Hauling Baits for Panfish


From spring to autumn, panfish occupy a range of habitats, from shallow weed flats to deep, rocky structures. Casting has its merits, but there’s plenty of trolling methods to pull panfish topside. Here are some popular strategies:

Propulsion picks
I most often use an electric motor for trolling. It’s quiet, well matched for following cover and structure contours and delivers a lethargic pace when needed. Controlled wind drifting and a small outboard are viable alternatives.

Trolling while paddling a canoe, kayak or when using a rowboat are other options. A simple watercraft and light rod make for exciting fishing. And doing a starboard-to-port shuffle is common when battling a big, feisty panfish with a breeze increasing the challenge.

Fast enough?
One mph is the average panfish-trolling speed. Think close to double this figure when covering water or targeting big specimens. Conversely, dead-slow’s are frequently required to arouse fussy fish. Success relies on choosing an appropriate pace, which is species and mood dependent and allows fish to attack accurately. Speed also influences lure action so check a bait runs properly at boat-side before letting out line.

Cranking ‘em up
Hard baits work in a variety of situations. And 2 to 3 inches is a good average size. Straight and jointed minnow baits are excellent for skimming over cover for up-feeding panfish. Diving crankbaits, such as a Rapala Shad Rap or a Bagley Small Fry Shad pulled through mid-depth areas, will regularly fool panfish from rock bass to perch. In pothole lakes, trolling crankbaits beyond deep weed edges and along basin drop-offs will take suspending crappies.

Whirling by weeds
Plants provide refuge from predators along with forage for panfish. A spinner rig has streamlined properties, making it a good choice for probing plants.

A common setup includes a 1/4- to 1/8-ounce bullet weight on the mainline, followed by a bead for knot protection, a swivel and then the spinner-clad leader. Pre-made spinners exist or you can tie your own using this recipe: a bead, a #2 to #4 Colorado blade and clevis, five beads and a #4 to #8 snell or bait hook assembled on a 30- to 48-inch lead of 6- to 8-pound-test line. Sweeten the offering with a live or artificial chunk of nightcrawler, a leech or 2- to 3-inch minnow.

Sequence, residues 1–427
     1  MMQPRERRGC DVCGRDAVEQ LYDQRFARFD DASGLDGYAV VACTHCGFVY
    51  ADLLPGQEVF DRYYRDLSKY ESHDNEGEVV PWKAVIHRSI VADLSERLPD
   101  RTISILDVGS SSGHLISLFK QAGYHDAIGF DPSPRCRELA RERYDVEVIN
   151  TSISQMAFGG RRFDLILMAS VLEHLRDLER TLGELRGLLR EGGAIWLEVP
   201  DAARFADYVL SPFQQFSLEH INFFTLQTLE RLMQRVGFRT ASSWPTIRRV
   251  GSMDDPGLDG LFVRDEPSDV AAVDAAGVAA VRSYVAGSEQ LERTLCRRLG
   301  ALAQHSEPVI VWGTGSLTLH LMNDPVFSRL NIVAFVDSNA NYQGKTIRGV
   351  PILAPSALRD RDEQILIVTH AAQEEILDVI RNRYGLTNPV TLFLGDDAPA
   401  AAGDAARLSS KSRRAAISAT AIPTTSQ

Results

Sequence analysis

Tickling the top of vegetation or skimming a weed wall will catch all sorts of panfish. Pulling a glow-bead model around weed edges and clumps is a productive night strategy for crappies.

Working jigs
Jigs are another viable trolling bait, and flat-lining is the basic approach for shallow water. Adding short twitches imparts a nervous scurry that’ll trigger strikes. Soft-plastics, tied tinsel and hair jigs will work, but experiment to see if fish have a preference. For flash and added vibration, use a bladed model like a Northland Crappie Thumper Jig or a Bluefox Panfish Spinner Jig. Trolling speed and lure weight influences running depth, so carry assorted jig weights.

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Floating around
Presenting a jig beneath a float is a good slow-trolling option. On a recent outing, it proved the best way to take crappies suspended high in the water around standing timber. Keeping a wide berth, I’d motor to the wood’s midway mark, lob out a cast to the target and troll it back into the strike zone. The float was helpful, as its mass increased casting distance and accuracy, served as a reference point to position the jig and signaled bites.

Touring bottom
In summer and autumn, deep structures, like bars and humps, are hot spots for big panfish. While trolling, a bottom-bouncer or a three-way rig dangling a bell sinker both work to plunge a bait to the bottom. Run a small minnow bait, spinner rig, plastic on an Aberdeen hook or wet fly behind these sinkers on a 30- and 48-inch fluorocarbon or monofilament leader.

This bluegill crushed a Rapala minnow that was slow-trolled.
This bluegill crushed a Rapala minnow that was slow-trolled.

Two’s better than one
Another common strategy for trolling deeper fish, whether suspended or near the bottom, is using two jigs. Separate jigs cover more of the water column, but also allow experimentation to determine if panfish prefer a particular profile or color. To assemble it, tie the lighter jig of the two to 18 to 24 inches of 6-pound-test mono on the middle eyelet of a three-way swivel. Attach 30 to 38 inches to the bottom eye, followed by a heavier jig to avoid tangles.

A further variation is adding a split shot or an egg sinker (kept in pace by a swivel) half way down the bottom lead. This allows two lightweight jigs to be trolled. The extra weight keeps the presentation vertical in deeper water and permits faster trolling. Check fishing regulations for hook-per-line restrictions before using these rigs.

Map it out
Regardless of presentation, plot a trolling route—ideally in a GPS unit—before wetting a bait. A designated path allows precision trolling around fish-holding sweet spots, helps avoid hazards and prevents hang-ups. Use polarized glasses to locate healthy weeds and their contours in shallow water. Digital lake maps provide contour data for trolling deep structures. Fun also lies is the adventure of exploration—a lesson emphasized this past season on an unchartered lake with regular panfish pals, Rob Jackson and Phil Stinson.

The three of us were debating our next move with our stomach’s grumbling under the midday sun.

“Let’s throw out jigs and troll some new water while having lunch,” Phil said. “I’ve discovered some great panfish spots this way.”

Eyes glued to the sonar, we probed mid-depth areas with rod in one hand and a sandwich in the other. Before the crumbs disappeared from the communal bag of chips, we had found a panfish-loaded hump that kept us entertained for the remainder of the afternoon—great advice, Phil.